Italy Agriculture Minister Condemns Lab-Grown Meat

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News in brief: Italy Minister of Agriculture condemns lab-grown meat as unhealthy and not the real thing. Not everyone in the country agrees as a bill to ban these kinds of products reach parliament before they even make an entrance in Europe.

Italy Agriculture Minister, Francesco Lollobrigida, has condemned lab-grown meat, claiming that they are potentially dangerous to the health. He called them ‘slush’, which is typically used to refer to things that make squelching sound.

Although the process of creating food in the lab is relatively new, some countries have made major advancements in this field. For example, Singapore approved lab-grown meat for retail sale back in 2020. Many online sources mention Israeli-based SuperMeat as leaders in the industry.

Rejecting them, Lollobrigida argued that they can never taste like natural meat or fish. “We reject the idea of standardising products … making them all the same in laboratories, erasing our culture tied to the land,” the minister told Reuters reporters in Rome.

As the report points out, the country’s government already proposed a bill to ban the production and import of lab-grown food and feed. Although, they are not yet available in Europe, at least not in registered capacities.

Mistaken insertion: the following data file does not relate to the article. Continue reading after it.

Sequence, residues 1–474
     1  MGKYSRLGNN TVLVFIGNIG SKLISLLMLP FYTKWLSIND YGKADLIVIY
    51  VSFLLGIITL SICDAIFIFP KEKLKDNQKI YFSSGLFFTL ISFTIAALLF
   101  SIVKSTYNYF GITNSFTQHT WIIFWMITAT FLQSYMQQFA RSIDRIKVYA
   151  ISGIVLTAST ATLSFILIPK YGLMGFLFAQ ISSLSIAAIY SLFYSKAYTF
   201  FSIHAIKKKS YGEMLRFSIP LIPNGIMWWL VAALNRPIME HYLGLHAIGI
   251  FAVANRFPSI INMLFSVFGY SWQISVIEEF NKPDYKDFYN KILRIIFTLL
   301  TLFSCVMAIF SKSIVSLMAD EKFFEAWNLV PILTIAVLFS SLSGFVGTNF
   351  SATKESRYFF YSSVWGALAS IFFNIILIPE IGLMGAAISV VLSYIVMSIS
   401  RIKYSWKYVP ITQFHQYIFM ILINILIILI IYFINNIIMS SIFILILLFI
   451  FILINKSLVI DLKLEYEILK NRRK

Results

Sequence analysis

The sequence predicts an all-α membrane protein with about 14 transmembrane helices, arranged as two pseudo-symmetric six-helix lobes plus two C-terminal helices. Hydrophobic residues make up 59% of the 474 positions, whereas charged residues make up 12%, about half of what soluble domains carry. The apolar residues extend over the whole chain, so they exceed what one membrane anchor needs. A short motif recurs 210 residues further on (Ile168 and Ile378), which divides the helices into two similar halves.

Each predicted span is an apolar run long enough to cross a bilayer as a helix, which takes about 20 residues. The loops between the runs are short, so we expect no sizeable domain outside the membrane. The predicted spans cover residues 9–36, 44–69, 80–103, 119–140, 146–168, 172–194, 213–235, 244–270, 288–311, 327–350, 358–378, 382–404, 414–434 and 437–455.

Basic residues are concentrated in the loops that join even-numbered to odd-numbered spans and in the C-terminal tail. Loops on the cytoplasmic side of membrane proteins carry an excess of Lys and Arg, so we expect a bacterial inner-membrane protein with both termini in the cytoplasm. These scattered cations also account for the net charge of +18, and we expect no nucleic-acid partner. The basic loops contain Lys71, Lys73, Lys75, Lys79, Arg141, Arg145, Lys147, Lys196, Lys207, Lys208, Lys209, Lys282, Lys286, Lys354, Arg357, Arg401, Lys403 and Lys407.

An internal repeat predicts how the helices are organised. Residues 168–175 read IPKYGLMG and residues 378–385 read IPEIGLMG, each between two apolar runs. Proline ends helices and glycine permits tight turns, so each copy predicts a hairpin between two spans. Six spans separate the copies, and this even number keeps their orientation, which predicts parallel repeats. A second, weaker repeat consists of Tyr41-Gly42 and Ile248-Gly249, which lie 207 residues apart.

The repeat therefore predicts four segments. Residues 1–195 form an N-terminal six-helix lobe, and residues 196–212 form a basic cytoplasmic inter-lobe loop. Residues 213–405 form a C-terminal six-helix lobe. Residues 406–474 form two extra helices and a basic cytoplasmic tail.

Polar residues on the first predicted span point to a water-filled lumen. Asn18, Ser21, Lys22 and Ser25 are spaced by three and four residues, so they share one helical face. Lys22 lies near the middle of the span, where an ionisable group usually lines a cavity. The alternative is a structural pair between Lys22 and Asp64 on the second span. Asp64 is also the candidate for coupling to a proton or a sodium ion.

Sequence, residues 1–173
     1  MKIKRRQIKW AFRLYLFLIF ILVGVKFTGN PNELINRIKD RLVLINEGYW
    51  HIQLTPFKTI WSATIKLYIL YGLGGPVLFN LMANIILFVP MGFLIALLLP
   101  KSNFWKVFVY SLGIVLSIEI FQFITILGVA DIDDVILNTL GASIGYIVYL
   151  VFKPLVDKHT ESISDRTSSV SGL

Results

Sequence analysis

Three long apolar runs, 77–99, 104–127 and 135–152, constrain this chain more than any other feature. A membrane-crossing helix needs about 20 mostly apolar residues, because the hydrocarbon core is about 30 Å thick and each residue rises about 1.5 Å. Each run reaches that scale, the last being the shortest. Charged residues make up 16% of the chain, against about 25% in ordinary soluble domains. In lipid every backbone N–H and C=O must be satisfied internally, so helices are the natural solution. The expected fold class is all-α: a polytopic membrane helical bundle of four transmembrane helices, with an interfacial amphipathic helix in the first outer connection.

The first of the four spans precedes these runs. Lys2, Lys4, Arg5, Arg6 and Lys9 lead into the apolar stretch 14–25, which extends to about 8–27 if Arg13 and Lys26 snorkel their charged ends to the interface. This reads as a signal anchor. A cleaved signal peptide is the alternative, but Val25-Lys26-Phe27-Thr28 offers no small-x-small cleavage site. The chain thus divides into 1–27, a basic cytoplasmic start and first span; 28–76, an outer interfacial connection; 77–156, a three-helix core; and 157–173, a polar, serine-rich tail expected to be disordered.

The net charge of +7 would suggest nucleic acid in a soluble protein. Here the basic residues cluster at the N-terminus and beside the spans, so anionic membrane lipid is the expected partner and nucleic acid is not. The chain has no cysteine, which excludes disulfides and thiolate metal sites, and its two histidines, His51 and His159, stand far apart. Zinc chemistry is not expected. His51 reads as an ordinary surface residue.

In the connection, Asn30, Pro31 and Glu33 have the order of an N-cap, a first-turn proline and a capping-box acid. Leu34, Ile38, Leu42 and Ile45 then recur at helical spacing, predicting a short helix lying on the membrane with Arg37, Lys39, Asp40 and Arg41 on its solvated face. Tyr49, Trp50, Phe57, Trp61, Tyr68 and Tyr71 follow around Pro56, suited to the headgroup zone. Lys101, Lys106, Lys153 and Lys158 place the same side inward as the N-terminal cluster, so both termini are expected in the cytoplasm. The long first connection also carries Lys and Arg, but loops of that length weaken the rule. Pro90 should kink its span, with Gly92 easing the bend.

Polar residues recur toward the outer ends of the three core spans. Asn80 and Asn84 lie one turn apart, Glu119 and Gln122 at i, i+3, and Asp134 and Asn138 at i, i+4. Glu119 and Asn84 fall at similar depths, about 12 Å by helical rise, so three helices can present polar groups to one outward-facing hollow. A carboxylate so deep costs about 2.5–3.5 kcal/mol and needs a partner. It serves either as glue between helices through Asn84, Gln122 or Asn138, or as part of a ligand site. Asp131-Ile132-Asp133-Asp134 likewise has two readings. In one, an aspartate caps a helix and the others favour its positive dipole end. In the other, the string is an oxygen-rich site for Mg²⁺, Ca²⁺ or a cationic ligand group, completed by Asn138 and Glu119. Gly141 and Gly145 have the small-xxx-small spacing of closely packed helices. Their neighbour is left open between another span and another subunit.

The idea behind growing meat, fish or food in the lab is multifaceted. On one hand, there are vegetarians who may still want to enjoy the feel of eating certain foods without animals dying or being bred to make it happen. There is also the argument that it could solve environmental issues like greenhouse gas emissions and deforestation.

Francesco Lollobrigida, Italy Agriculture Minister. Image Source: Reuters.
Francesco Lollobrigida, Italy Agriculture Minister. Image Source: Reuters.

However, Lollobrigida is not considering customer options. He argued that animal breeding is sustainable and agricultural pollution is different from industrial pollution. In addition, he said that growing food in the lab required large amounts of energy. Although, it will definitely be easier to run a clean energy lab than a clean energy food processing factory.

Do lab-grown meat taste the same as natural meat?

To grow meat in a lab, the basic principle is extracting a small sample of the animal’s cells, like muscle cells, and growing them in a lab culture to create additional muscle tissue. According to this Time article, even experts find it difficult to tell which meat is lab-grown and which is natural.

For Francesco Lollobrigida, it is also about his cultural heritage. Something he feels that lab-grown food would erode if not checked.

Lab-grown meat can have more benefits than the ethical and environmental ones already named. It could play a key part in food security for the future if the process is perfected quickly. Also, scientists can target the meat with certain nutritional inputs to make them even healthier than natural meat.

While Italians wait for parliament to act on the bill, certain organisations have kicked against it and the minister’s views. Meanwhile, on the other side of the divide are agro giants who want the government to protect their products against potential competitors from labs.

Obinna Onwuasoanya
Obinna Onwuasoanya
Obinna Onwuasoanya is a tech reporter of over five years, fiction writer, SEO expert and an editor. He is based in Lagos, Nigeria, and was previously shortlisted for the Writivism Short Story Prize 2018.


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